Layton’s hypocrisy undermines NDP

Fear that a Fall Canadian federal election would decimate the ranks of New Democratic Party MPs drove Leader Jack Layton to a self-inflicted act of desperation – voting for a rotten Tory budget.

Months of failing to advance socialist policies to meet human needs and differentiate the NDP made Layton’s parliamentary caucus more vulnerable to a tactical shift by the Liberal Party. On September 18, Michael Ignatieff had his Liberal MPs vote non-confidence in the Conservative minority government of Stephen Harper. But it would take a vote by all three opposition parties in the House of Commons (Liberals, NDP and Bloc Quebecois) to defeat the government and force an election. Worried that NDP support would bleed towards the Liberals, and that voters would punish the NDP for precipitating a fourth federal election in only five and a half years, Layton and company opted to prop up the more rightist Tories.

According to opinion polls, 60 per cent of Canadians don’t want an election now. Many want employment insurance reform and the $6 Billion home renovation tax credit in the budget Harper tabled.

But 40 per cent do want a federal vote to dump the labour-hating, Tar Sands-loving, war mongering Tories. That segment of the electorate is much more likely to consider supporting the NDP than the anti-election crowd – provided the party gives them some good reasons to do so.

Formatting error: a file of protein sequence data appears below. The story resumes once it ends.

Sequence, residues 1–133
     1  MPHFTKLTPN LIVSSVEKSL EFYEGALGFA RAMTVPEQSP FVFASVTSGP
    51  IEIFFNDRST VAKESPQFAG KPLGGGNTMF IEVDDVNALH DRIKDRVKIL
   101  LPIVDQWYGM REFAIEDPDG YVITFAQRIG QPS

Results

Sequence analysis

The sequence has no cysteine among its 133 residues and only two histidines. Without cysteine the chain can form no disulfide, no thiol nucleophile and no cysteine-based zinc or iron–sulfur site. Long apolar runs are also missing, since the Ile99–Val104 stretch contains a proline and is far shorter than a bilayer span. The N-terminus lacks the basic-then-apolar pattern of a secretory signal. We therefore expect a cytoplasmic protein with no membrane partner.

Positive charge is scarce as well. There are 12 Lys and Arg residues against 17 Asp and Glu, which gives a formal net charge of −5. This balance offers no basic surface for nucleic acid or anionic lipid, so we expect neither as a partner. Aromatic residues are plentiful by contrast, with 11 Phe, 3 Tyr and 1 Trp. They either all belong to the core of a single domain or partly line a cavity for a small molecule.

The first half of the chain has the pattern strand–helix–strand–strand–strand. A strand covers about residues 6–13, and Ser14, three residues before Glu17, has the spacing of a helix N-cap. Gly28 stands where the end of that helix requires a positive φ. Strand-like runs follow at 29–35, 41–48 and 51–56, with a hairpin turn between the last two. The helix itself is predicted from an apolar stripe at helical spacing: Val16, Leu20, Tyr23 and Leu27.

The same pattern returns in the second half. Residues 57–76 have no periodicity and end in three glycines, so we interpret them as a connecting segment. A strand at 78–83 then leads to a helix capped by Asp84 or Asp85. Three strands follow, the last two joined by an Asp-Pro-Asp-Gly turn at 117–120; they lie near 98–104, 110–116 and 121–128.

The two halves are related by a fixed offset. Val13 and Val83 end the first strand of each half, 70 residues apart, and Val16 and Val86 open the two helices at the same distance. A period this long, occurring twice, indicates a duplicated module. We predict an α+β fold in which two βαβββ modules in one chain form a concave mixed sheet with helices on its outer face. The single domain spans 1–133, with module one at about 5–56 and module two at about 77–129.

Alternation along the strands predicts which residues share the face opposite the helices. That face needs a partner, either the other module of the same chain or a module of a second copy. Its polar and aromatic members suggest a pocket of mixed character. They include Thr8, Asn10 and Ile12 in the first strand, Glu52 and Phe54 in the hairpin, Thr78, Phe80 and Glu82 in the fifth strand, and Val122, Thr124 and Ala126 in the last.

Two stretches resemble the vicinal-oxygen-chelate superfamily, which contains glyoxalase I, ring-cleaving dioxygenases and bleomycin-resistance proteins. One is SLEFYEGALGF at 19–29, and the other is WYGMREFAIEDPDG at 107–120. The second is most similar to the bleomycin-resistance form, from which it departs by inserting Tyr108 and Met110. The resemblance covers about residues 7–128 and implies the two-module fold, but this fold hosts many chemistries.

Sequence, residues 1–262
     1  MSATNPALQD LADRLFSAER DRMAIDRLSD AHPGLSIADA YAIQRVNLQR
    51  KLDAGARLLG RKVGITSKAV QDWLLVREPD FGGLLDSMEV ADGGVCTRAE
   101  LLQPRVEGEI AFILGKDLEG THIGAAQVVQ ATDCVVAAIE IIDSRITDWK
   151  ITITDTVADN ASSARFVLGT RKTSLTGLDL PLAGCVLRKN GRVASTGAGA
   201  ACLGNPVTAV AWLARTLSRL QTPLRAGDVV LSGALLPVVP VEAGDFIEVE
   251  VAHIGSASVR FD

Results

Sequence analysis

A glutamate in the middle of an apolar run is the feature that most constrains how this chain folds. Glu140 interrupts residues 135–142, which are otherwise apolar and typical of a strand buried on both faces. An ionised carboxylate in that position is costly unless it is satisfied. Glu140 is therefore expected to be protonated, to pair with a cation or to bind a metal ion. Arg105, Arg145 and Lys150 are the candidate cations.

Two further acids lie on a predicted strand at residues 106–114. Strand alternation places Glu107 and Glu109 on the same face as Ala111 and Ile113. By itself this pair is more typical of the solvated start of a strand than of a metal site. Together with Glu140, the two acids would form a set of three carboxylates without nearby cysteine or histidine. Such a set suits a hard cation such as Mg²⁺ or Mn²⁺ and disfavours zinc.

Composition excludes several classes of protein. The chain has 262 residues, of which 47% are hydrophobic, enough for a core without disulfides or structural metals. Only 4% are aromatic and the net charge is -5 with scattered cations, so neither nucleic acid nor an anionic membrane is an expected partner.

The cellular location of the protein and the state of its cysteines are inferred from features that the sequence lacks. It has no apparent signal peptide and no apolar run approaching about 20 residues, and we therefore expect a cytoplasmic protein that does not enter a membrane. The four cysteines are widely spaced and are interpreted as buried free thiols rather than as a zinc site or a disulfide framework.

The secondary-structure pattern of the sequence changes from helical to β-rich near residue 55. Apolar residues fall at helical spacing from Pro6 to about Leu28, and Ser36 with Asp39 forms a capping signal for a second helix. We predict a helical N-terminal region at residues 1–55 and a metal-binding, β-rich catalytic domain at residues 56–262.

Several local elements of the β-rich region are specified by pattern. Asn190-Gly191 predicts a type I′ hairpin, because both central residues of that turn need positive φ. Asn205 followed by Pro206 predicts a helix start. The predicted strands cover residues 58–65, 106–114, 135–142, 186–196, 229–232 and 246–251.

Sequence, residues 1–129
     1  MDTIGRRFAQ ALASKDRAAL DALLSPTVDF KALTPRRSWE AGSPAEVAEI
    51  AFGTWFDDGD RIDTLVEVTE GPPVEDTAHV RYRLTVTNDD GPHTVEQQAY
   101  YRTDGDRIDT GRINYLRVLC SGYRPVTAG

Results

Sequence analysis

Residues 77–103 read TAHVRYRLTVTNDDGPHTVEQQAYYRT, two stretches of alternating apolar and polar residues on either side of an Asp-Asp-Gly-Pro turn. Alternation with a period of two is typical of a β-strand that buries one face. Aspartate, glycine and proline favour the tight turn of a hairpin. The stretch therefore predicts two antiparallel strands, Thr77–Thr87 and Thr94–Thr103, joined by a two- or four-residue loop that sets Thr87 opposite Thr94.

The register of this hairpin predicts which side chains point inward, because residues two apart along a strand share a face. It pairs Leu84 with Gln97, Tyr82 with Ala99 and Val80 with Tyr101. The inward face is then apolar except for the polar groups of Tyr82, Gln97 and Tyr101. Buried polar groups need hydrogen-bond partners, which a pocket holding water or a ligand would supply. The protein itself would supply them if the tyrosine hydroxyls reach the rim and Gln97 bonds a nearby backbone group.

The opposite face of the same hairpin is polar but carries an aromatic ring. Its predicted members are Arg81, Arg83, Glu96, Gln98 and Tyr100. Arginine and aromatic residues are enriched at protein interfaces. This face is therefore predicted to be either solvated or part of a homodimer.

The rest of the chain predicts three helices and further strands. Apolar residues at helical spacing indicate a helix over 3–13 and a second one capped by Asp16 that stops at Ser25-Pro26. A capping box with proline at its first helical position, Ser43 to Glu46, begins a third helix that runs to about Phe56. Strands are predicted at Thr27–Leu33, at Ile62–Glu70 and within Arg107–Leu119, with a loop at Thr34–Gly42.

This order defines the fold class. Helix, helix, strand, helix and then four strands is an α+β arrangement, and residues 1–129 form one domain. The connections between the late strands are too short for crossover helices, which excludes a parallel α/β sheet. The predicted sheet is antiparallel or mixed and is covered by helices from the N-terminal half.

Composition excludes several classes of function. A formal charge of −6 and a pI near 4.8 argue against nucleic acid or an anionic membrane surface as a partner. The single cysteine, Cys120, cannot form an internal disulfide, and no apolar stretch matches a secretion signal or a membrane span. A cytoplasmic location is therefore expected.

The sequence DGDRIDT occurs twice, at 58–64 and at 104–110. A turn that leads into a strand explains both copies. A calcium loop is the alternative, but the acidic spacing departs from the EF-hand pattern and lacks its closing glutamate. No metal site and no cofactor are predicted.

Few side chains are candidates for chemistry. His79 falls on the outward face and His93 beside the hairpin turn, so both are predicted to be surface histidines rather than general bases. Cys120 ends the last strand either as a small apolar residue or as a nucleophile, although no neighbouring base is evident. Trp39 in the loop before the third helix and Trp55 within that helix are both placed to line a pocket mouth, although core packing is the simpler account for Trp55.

By selling out so cheaply (that is, for E.I. changes that won’t help most of the 1.5 million unemployed), and by propping up the Conservatives just to avoid an election, Layton comes off pretty badly. He looks like a hypocrite and alienates the NDP base (of 2.5 million voters) at one stroke.

The labour-linked NDP, the left and the workers’ movement as a whole are squandering a golden opportunity to put capitalism on trial, and to seize upon the global capitalist crisis as a tailor-made platform to fight for public ownership and green energy conversion through workers’ and community control of industry.

If Jack Layton isn’t up to the task, which was evident at the federal NDP convention in Halifax in August, he should step aside. The sooner, the better. -Barry Weisleder

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